Letting go of the world as we know it, the world of perception, this particular consensus reality, is necessarily heart-breaking. It’s painful to separate from the things and people and stories we love, and love is, after all, what it’s all about.

The tricky part is to connect love to the universal rather than the particular.

And that’s where meditation can take you.

Ninety days outside the Schengen area – sacred geometry in Morocco

It was in the Nejjarine Museum of Wood Arts in Fès that the thought struck me. The chaos of the crumbling medina, the vibrancy of the souks, the noise, the pollution, the exploding energy of the colors, and the sheer quantity of stuff –

Souk, medina, Marrakech

– is beautifully balanced by prevalence of the purposeful geometry, sacred geometry, everywhere.

That’s why Morocco is so enchanting.

Souk, medina, Fès, Morocco

Doorway, Marrakech Musèe

Wall, Palais el Mokri

Islam takes the prohibition of worshipping graven images seriously, and discourages figurative art. Like all of life, art should be dedicated to God, and God is only describable as essence. Geometry is essence.

Fountain, Palais Glaoui, Fès

Who can resist being centered by such design?

All my years of studying sacred geometry, beginning even before my Ganesh Baba days, and then Dan Winter and most deeply with Alice O. Howell, peaked at that moment in the museum. I stood at the center of a ideally proportioned room surrounded by mandalas, exquisite symmetry, perfect curves, rhythmic repetition, and profoundly satisfying rectangles and squares.

I wanted to take dozens of pictures, but photography was not allowed, so I was forced to confront the serene beauty of that room face on. It was transformative.

Since then I’ve consciously attuned myself to noticing and letting the geometry take me in.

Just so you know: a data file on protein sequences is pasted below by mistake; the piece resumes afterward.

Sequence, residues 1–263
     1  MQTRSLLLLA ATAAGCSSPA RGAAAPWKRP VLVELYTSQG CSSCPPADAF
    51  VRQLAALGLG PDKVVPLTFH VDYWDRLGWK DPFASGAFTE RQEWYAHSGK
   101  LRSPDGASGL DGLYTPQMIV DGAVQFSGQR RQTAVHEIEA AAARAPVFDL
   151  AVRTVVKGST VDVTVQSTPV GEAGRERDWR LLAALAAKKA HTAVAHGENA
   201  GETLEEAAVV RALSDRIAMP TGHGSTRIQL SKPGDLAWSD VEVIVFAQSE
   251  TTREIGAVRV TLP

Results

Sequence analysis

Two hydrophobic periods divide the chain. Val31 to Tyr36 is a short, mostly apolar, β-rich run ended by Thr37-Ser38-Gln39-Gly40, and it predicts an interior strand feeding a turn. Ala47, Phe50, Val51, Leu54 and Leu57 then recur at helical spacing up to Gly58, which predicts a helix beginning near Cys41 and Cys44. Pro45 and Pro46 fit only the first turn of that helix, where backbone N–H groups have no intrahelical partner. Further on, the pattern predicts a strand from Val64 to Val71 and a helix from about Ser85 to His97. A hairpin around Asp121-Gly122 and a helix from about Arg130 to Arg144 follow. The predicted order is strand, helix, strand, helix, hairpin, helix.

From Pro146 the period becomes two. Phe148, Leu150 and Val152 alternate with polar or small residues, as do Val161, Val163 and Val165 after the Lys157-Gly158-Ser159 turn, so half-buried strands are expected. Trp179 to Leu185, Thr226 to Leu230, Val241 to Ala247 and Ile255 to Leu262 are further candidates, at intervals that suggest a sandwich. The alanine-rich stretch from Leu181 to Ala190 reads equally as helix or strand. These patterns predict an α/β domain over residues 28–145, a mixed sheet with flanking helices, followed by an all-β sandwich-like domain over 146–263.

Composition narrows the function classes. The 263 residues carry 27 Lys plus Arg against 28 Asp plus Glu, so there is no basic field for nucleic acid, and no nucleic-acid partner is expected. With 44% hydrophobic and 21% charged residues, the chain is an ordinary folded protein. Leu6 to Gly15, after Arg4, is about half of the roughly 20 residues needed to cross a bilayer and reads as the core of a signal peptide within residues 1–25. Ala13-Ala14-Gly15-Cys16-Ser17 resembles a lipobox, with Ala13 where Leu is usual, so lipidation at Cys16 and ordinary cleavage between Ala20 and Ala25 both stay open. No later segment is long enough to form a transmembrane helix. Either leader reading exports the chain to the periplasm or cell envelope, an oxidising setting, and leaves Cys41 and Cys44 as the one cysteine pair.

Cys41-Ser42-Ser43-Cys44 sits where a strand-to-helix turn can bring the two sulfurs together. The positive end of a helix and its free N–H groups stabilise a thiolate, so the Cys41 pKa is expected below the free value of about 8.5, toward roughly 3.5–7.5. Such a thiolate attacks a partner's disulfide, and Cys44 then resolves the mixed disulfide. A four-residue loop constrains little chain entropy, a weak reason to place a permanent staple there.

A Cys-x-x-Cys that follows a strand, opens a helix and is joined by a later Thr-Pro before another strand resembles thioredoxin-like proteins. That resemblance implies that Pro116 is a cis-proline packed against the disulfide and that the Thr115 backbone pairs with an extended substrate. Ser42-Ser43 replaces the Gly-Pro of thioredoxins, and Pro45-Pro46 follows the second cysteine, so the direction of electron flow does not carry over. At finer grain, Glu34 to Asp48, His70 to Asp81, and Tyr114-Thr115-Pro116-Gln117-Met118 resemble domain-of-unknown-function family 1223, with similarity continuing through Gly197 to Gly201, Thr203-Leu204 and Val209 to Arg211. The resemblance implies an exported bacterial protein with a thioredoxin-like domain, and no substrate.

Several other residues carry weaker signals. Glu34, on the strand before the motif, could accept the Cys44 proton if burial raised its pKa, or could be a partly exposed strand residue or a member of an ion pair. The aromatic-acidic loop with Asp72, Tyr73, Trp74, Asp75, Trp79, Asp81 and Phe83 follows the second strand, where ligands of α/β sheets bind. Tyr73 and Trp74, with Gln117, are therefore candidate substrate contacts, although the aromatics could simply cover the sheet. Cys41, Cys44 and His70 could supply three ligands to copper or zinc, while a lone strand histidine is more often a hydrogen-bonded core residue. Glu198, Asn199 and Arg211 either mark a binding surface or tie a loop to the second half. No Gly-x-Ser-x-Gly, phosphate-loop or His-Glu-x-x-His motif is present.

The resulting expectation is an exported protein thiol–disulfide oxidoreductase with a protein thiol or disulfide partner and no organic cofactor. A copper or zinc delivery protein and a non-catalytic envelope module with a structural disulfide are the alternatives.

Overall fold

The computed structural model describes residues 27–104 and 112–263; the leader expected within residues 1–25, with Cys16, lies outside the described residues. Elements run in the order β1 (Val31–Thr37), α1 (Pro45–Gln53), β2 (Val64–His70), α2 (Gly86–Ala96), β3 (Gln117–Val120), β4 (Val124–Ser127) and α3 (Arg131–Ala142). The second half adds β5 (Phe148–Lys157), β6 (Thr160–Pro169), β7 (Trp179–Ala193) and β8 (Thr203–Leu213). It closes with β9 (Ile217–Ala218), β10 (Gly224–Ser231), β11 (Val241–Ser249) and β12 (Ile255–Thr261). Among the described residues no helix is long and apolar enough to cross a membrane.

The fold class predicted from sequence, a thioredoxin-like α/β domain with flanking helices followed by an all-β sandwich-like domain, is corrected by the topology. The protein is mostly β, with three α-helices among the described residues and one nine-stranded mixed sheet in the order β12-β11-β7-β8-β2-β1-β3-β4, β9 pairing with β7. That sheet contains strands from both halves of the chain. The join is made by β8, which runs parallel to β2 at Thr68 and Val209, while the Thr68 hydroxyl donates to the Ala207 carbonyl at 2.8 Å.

Palais el Mokri

Medina, Marrakech

Palais el Mokri, Fes

Pastry, souk, medina, Fès

Even contemporary Moroccan design uses the elements of sacred geometry to create beautiful calm spaces, as exemplified by our current Airbnb in the new part of Marrakech.

Magical!

Detail, lamp, Marrakech apartment

Detail, lamp, Marrakech apartment

Dining room table and chairs

Dishes

Bedspread

Gate to new apartment building

Light fixture in our Airbnb apartment in Tnine, Ourika

Living in Cordes – Stone walls

Cordes-sur-Ciel was built as a safe haven for people who lost their homes in the nearby city of Saint Marcel, which was razed during the Albigensian Crusade. Said to be the first of the bastides, it has five walls built in concentric circles.

(More about the history of Cordes-sur-Ciel can be found here.)

A neighbor recently told us that the stone wall across from our home is the unfinished fifth wall. Indeed, our house is just below the Porte de l’Horloge, the eastern entrance to the medieval city, which is in the fourth wall, built between the 14th and 16th century. Our neighborhood, quartier du Barri, is a 17th century suburb of the medieval village.

Cordes sits on a rocky outcropping, and is entirely built of local stone: limestone, sandstone, and dolomite. The houses are stone and the streets in the medieval village are cobbled. Walls surround every garden and line every street.

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There are walls upon walls upon walls.

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Living without a car gives me plenty of time to appreciate stone walls all around. One of the most delightful things about Cordes is its authenticity: it looks like and is a place that has been continually inhabited since the 13th century. The walls reflect its history.

They bring me peace, connectedness, and a sense of stability. They are the keepers of the stories.

I never tire of their variety, their richness, their complexity.

In a village of art, the stone walls are perhaps the greatest art.

 

Living in Cordes – Mornings

Most mornings I wake up before sunrise, open the shutters, roll out my rug and light a candle, and then do some stretches, breathe, and meditate for a while. When I open my eyes, the sun is up – or on its way up – and the view is so lovely, I try to save it in a photo.

These are some of the morning pictures I’ve taken. They begin in early August. The last one was taken this morning, the first day of fall.

Living in Cordes – Mocha

The evening Tom and I returned from Le Havre with our rented van full of the boxes we’d shipped from Los Angeles, our neighbors Ann and Leif greeted us in front of our house with sad news. Andreas, the other newcomer to our neighborhood, a Swiss artist who’d also moved to Cordes from California, had died suddenly.

His dog Mocha was staying with another neighbor, Dominique, who couldn’t keep her until Andreas’s relatives came, which could be several weeks. Not only did Pompom the cat object, but Mocha’s barking was bothering Dominique’s guests.